Author:Esther Turnhout (Wageningen University)
Paper short abstract:
This paper discusses how biodiversity is made and unmade in the Intergovernmental Panel for Biodiversity and Ecosystem Services ( IPBES). The analysis suggests that IPBES may yet become a place where narrow definitions are resisted and multiple biodiversities can flourish.
Paper long abstract:
Biodiversity has proven to be an elusive concept that is made and remade in different places, human nature engagements, and knowledge making practices. One of these is the United Nations Intergovernmental panel on Biodiversity and Ecosystem Services (IPBES), which has as its mission "to strengthen the science-policy interface for biodiversity and ecosystem services for the conservation and sustainable use of biodiversity, long-term human well-being and sustainable development". IPBES' mission is symptomatic of the strong scientistic and technocratic tendencies that characterize many current global environmental knowledge initiatives. The risks of such a global scientific gaze dominating environmental governance processes have been discussed extensively in STS as well as in political science. It has also been argued that meaningful and legitimate environmental knowledge requires multiplicity, openness and inclusiveness. As I will show in this paper, IPBES has turned out to be a place where narrow technical definitions of biodiversity are not only promoted, but also actively resisted. Drawing on an analysis of the ways in which biodiversity is made, unmade and remade in IPBES by scientific experts, ngos, indigenous representatives and member states, I will suggest that, although a global UN expert body seems an unlikely candiate for such an endeavour, IPBES may yet be able to allow multiple biodiversities to be represented and flourish.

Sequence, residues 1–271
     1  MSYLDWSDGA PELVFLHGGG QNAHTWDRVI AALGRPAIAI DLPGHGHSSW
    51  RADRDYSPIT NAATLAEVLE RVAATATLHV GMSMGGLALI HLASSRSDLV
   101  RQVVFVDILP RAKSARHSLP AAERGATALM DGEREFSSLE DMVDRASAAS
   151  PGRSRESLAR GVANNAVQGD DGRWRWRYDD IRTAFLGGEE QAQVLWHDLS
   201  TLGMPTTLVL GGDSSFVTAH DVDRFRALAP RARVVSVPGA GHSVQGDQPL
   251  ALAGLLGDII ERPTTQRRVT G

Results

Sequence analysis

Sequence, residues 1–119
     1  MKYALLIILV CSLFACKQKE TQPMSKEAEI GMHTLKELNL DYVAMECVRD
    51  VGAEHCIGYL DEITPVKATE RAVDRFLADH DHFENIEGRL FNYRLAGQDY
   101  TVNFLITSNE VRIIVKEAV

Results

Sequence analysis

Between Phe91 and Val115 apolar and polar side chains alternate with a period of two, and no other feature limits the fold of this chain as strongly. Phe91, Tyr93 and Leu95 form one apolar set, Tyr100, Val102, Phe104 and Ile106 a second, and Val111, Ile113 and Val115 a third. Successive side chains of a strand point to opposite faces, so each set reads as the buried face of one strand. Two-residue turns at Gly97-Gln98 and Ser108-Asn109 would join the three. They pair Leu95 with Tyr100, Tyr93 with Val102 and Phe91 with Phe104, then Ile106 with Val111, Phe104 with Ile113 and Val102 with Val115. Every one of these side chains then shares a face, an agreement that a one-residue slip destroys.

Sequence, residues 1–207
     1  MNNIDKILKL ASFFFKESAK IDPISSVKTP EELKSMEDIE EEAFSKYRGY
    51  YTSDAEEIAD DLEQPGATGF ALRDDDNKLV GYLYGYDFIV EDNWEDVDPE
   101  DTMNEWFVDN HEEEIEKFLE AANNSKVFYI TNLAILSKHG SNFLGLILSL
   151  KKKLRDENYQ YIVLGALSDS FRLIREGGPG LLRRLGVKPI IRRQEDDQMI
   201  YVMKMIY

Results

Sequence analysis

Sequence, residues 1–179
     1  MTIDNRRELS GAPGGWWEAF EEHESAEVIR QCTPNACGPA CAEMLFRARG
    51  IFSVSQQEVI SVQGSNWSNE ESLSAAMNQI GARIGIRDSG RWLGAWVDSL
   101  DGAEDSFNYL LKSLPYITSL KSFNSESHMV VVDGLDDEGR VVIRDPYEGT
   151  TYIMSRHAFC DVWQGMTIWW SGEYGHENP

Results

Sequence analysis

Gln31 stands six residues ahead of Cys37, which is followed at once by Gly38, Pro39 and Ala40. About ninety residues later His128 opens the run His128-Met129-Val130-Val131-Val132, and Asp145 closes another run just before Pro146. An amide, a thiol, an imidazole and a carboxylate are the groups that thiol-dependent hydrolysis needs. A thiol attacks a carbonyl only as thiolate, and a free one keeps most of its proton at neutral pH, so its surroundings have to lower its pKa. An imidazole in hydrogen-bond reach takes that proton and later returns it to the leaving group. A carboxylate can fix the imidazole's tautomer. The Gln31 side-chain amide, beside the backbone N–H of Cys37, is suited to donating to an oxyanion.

Biodiversity by other (all?) means: a theatre for post-natural futures